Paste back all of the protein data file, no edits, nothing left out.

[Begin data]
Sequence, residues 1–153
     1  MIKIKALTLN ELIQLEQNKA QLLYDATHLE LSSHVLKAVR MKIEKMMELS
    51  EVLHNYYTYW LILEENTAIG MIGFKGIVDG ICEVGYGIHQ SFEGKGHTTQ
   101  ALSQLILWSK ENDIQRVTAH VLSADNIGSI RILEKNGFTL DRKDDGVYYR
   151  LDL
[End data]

Sequence, residues 1–153
     1  MIKIKALTLN ELIQLEQNKA QLLYDATHLE LSSHVLKAVR MKIEKMMELS
    51  EVLHNYYTYW LILEENTAIG MIGFKGIVDG ICEVGYGIHQ SFEGKGHTTQ
   101  ALSQLILWSK ENDIQRVTAH VLSADNIGSI RILEKNGFTL DRKDDGVYYR
   151  LDL